National Plan for Eye and Vision Research
Our eyes and the parts of our brain that allow us to understand the visual information we receive from our eyes make up a unique and awe-inspiring sense known as sight. Our eyesight provides intimate detail of our daily life in the world around us. It allows us to recognize the faces of those who are important to us and perform complex tasks for work or pleasure that would otherwise be impossible.
Out of its concern for the eyesight of the American people, the Congress created the NEI in 1968. In recognition of its special responsibility to address the visual health needs of the Nation, the NEI and the NAEC offer this vision and commitment for the future:
The National Eye Institute will continue to protect and improve the visual health of the Nation through the support and performance of the highest quality laboratory and clinical research aimed at increasing our understanding of the eye and visual system in health and disease and developing the most appropriate and effective means of prevention, treatment, and rehabilitation, and through the timely dissemination of research findings and information that will promote visual health.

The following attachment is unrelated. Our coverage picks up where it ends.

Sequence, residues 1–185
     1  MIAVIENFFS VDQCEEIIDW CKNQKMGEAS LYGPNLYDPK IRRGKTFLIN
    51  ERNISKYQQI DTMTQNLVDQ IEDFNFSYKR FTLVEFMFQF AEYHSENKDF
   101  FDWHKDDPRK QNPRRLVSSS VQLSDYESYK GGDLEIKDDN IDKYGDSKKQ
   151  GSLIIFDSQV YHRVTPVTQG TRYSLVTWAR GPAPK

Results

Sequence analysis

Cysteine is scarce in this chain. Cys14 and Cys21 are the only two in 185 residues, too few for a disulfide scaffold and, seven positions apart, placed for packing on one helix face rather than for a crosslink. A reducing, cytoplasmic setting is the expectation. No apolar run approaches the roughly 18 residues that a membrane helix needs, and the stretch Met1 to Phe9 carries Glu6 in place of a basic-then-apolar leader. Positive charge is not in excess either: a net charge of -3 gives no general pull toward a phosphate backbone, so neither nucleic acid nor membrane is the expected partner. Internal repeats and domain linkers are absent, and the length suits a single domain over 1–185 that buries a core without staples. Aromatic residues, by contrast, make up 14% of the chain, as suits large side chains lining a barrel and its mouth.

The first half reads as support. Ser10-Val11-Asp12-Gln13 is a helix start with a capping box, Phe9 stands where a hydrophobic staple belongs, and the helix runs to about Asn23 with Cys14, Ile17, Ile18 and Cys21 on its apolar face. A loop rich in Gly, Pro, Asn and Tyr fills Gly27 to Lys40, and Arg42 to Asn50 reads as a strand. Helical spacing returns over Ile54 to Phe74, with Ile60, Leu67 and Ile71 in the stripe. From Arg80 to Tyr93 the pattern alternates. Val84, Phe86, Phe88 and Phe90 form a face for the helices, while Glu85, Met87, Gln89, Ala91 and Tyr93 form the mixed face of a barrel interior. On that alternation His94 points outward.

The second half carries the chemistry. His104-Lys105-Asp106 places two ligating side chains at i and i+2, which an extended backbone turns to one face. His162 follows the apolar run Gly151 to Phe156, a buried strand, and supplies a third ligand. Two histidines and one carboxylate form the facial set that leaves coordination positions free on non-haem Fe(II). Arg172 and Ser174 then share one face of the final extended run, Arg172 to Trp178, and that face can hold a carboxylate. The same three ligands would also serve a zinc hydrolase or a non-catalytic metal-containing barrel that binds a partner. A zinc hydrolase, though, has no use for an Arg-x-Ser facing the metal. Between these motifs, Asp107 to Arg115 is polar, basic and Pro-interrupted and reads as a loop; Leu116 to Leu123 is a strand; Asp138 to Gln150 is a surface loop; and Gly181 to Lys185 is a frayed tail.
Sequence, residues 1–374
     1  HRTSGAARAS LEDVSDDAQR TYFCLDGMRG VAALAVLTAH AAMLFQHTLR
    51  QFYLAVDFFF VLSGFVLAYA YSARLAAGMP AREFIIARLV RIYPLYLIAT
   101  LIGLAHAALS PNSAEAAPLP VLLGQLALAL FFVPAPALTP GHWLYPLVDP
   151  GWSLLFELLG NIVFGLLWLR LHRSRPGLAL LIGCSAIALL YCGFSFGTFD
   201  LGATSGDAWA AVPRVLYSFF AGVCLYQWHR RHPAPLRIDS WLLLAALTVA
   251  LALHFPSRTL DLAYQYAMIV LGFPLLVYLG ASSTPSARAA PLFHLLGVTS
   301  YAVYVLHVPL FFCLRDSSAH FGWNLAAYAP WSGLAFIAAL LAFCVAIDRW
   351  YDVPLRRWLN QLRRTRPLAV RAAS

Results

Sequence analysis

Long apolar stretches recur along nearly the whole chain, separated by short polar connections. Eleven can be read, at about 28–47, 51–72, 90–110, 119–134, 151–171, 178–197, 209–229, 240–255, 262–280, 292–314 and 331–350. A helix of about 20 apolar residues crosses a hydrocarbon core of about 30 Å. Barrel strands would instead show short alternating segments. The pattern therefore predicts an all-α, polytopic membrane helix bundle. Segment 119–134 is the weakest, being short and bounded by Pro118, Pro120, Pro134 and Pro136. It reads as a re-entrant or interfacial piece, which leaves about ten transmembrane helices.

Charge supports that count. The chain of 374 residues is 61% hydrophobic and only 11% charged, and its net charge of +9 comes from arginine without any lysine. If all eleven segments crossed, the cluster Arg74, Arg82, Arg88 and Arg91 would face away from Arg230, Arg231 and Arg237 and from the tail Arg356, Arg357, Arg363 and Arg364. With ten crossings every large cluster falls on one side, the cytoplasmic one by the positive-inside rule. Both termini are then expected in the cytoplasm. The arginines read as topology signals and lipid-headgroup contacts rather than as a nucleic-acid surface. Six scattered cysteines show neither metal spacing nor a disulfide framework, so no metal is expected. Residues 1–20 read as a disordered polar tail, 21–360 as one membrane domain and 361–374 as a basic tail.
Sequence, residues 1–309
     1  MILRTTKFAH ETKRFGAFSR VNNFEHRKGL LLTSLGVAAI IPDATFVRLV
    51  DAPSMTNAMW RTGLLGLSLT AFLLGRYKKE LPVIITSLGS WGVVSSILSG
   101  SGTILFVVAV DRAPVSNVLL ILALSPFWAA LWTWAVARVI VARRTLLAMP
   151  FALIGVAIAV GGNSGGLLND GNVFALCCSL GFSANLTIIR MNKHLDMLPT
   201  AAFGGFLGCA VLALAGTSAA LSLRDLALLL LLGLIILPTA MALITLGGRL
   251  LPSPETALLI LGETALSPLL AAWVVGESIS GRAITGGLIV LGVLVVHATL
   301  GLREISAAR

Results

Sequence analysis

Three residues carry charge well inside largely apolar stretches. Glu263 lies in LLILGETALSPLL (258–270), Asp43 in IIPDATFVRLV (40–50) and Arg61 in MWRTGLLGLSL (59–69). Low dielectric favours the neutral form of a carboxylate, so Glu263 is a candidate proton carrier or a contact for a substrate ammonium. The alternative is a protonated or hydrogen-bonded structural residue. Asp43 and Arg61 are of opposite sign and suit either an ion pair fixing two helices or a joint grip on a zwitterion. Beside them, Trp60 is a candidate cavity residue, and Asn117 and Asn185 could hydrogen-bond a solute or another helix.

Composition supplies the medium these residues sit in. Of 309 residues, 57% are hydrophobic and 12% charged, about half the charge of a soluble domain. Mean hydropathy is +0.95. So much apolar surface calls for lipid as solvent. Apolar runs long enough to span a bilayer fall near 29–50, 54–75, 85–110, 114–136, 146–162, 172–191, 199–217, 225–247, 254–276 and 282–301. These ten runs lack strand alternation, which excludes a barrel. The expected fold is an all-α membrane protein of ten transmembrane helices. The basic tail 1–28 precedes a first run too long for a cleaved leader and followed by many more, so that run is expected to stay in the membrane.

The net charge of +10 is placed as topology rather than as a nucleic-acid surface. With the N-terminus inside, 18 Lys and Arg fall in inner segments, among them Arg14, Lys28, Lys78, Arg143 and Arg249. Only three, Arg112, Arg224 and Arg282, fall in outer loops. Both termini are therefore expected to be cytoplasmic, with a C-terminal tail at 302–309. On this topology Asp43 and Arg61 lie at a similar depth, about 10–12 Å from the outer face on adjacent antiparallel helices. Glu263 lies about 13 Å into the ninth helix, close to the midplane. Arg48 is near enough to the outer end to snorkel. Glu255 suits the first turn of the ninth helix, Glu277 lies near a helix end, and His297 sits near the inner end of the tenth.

This vision statement is the logical extension of the NEI mission to "conduct and support research, training, health information dissemination, and other programs with respect to blinding eye diseases, visual disorders, mechanisms of visual function, preservation of sight, and the special health problems and requirements of the blind."
Inherent in this mission is the investigation of normal tissue and normal visual processes, so that a more complete understanding may be gained of the abnormal processes that lead to diseases of the eye and disorders of vision. These investigations are conducted in hundreds of extramural laboratories and clinics throughout the United States and in the NEI's intramural facilities in Bethesda, Maryland.